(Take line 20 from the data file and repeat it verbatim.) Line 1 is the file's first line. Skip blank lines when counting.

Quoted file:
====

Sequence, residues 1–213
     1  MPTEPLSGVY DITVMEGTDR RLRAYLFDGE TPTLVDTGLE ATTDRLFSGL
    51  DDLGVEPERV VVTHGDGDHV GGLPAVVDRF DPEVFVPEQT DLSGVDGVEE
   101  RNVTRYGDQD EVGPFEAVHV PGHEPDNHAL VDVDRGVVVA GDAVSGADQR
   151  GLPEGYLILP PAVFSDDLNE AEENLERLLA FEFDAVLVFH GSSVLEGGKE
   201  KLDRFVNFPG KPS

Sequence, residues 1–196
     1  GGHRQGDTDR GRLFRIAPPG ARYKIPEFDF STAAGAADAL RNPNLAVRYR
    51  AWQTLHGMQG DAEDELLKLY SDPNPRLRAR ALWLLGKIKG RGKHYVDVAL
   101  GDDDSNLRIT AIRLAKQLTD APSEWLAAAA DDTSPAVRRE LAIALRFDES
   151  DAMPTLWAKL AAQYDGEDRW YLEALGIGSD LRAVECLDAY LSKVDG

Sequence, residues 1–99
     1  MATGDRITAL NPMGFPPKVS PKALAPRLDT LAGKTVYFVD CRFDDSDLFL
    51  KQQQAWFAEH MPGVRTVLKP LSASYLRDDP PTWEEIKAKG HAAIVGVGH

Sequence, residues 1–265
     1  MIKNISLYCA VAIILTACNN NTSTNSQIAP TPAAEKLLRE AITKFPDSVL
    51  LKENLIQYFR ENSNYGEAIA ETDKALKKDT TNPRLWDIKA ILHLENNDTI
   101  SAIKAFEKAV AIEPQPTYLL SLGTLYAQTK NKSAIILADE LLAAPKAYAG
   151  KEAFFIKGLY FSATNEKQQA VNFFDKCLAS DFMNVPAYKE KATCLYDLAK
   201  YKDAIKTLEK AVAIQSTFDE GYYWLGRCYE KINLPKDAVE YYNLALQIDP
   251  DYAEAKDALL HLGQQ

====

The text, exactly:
   201  YKDAIKTLEK AVAIQSTFDE GYYWLGRCYE KINLPKDAVE YYNLALQIDP